Microsoft Tells Xbox Users Not to Blow Vape Smoke

Microsoft Tells Xbox Users Not to Blow Vape Smoke

What is behind one of the weirder stories circulating on social media?

The latest Xbox, the Xbox Series X, has finally reached the market, along with its rival from PlayStation, the PlayStation 5. The Xbox Series X got mostly positive reviews when it was released this week.

And now, the company is telling users to avoid vaping near their Xbox.

“We can’t believe we have to say this, but please do not blow vape smoke into your Xbox Series X,” the official Xbox Twitter account tweeted Wednesday. A subsequent tweet requested that “for any non-vape related support questions please check out the info here,” while linking to the company’s tech support page.

What’s with the strange tweet?

According to a GameSpot story, a series of viral videos have circulated, in the early days of the Series X’s availability, showing “plumes of smoke” coming out of the console’s air vent.

“Multiple people have replicated the smoking effect by blowing vape smoke through the Xbox, prompting Microsoft itself to address the situation in a tweet that looks like a real non sequitur,” the GameSpot story reported. However, multiple media outlets appear to have concluded that the smoke effect is fake, and Microsoft has backed that up.

“We take all product safety reports seriously and our products meet or exceed industry standards,” Microsoft said in a statement to GameSpot. “Findings from our initial investigations do not align with some of the claims being broadly reported, however we are in the process of investigating further.”

It appears that users are merely putting vape smoke through their Xbox machine, and trying to pass that off as the gaming console itself catching on fire or smoking for some other reason. Why anyone would put a brand new, very expensive appliance at risk like that is an entirely different question.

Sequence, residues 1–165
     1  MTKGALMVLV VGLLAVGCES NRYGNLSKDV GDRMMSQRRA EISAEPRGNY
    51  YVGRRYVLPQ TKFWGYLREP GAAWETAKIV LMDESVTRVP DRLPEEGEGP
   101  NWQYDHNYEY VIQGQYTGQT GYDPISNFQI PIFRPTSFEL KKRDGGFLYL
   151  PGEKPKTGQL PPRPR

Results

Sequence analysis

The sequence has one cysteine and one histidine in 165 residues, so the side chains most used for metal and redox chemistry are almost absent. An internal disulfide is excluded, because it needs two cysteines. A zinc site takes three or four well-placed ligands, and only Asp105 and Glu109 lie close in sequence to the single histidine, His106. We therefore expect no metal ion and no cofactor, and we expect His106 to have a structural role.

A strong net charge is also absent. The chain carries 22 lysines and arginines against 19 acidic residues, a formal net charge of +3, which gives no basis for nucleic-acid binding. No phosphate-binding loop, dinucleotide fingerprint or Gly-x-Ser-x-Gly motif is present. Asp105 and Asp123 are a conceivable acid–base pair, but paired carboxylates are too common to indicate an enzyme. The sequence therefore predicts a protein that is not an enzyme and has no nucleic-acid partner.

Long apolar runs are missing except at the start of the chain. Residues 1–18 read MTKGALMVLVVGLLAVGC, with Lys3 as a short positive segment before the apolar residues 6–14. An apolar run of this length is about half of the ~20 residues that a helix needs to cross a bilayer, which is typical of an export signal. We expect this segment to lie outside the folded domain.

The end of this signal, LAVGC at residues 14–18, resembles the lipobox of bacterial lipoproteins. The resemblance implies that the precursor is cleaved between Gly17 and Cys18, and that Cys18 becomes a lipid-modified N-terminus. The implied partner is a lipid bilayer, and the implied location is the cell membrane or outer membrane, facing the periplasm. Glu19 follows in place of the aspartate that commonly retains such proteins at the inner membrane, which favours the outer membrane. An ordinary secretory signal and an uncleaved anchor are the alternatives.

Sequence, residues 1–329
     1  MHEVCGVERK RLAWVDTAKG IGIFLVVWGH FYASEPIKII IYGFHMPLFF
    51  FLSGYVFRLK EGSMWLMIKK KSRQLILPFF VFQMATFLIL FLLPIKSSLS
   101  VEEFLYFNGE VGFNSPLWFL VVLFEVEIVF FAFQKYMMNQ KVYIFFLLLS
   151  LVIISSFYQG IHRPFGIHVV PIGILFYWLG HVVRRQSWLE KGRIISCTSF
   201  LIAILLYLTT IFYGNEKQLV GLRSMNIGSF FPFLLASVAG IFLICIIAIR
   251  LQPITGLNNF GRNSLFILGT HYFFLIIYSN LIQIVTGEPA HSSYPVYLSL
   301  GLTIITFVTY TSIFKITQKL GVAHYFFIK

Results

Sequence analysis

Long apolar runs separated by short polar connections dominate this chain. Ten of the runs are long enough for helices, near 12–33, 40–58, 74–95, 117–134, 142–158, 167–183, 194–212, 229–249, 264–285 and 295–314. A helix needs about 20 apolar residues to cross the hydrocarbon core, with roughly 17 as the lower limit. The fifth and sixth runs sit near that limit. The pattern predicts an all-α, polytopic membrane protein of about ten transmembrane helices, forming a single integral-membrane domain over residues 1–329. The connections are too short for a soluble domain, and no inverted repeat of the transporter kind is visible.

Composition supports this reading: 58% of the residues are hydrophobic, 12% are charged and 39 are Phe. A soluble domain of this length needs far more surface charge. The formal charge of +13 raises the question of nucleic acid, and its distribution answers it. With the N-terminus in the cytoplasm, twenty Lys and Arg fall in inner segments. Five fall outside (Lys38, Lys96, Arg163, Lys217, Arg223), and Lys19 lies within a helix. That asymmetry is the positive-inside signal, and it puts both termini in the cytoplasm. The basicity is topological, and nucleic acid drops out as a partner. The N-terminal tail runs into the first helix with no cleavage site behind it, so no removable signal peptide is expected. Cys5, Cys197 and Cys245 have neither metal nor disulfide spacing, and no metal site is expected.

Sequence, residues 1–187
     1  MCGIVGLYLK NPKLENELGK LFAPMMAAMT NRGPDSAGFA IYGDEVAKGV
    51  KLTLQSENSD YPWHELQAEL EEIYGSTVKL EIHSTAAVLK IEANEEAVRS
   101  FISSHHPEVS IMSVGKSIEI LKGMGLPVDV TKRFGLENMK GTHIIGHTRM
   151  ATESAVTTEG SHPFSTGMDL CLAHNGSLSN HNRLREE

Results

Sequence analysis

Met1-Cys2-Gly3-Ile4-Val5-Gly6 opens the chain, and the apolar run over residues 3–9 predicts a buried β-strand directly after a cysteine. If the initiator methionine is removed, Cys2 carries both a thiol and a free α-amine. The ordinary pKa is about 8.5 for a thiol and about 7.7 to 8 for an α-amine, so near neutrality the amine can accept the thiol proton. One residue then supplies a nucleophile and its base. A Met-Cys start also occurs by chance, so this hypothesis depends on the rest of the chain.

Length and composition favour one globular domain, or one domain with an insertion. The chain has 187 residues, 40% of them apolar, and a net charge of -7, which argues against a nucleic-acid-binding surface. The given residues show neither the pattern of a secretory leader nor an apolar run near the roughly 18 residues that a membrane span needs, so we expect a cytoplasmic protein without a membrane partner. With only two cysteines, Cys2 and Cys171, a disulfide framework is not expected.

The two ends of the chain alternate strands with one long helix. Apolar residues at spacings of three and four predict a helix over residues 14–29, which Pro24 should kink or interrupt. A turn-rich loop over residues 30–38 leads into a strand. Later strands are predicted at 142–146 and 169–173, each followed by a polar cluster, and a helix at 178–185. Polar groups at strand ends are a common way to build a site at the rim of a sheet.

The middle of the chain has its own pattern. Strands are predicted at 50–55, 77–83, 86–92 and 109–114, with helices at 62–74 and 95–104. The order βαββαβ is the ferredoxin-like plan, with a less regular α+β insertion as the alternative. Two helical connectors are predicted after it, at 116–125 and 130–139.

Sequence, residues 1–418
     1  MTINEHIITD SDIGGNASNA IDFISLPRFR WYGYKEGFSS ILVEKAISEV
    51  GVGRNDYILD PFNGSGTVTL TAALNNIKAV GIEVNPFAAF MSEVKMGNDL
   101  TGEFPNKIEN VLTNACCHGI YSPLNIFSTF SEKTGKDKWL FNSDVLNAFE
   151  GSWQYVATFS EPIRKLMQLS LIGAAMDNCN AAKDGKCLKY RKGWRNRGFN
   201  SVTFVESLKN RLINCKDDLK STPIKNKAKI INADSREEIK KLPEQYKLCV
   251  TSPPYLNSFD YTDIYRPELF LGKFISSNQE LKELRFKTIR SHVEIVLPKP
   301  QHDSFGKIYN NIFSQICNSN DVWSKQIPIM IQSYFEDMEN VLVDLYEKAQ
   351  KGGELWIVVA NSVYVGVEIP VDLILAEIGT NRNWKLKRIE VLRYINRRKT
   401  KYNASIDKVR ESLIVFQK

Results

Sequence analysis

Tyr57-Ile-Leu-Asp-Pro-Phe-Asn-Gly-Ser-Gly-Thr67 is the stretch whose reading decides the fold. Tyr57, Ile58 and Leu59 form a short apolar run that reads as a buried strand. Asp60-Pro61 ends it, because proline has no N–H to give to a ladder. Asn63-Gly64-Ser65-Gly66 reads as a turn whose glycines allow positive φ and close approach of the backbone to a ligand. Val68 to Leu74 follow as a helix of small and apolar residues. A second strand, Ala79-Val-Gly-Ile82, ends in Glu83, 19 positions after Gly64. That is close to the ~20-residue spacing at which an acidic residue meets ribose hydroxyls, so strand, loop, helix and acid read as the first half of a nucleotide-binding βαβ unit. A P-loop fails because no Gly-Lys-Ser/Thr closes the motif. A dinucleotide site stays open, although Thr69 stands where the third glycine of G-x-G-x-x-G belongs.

The Xbox Series X is part of the fourth generation of the Xbox, alongside the Series S, which is smaller and has less processing power. The Series X launched at a price point of $499, while the Series S costs $299.

The head of the Xbox division, Phil Spencer, said earlier this week that the recent launch of the new consoles was the biggest in Xbox history.

“Thank you for supporting the largest launch in Xbox history. In 24 hrs more new consoles sold, in more countries, than ever before,” Spencer tweeted. “We’re working with retail to resupply as quickly as possible. You continue to show us the connective power of play is more important than ever.”

That high demand has led to a predictable backlog of orders. Amazon has reportedly told some customers that their preorders of the machines may be delayed until as late as December 31.

Stephen Silver, a technology writer for The National Interest, is a journalist, essayist and film critic, who is also a contributor to Philly Voice, Philadelphia Weekly, the Jewish Telegraphic Agency, Living Life Fearless, Backstage magazine, Broad Street Review and Splice Today. The co-founder of the Philadelphia Film Critics Circle, Stephen lives in suburban Philadelphia with his wife and two sons. Follow him on Twitter at @StephenSilver.

Image: Reuters